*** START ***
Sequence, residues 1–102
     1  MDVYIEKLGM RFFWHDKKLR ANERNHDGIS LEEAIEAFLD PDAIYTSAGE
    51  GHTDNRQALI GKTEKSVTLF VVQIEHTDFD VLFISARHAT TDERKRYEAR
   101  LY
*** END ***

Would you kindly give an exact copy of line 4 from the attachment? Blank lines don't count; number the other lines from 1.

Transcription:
   101  LY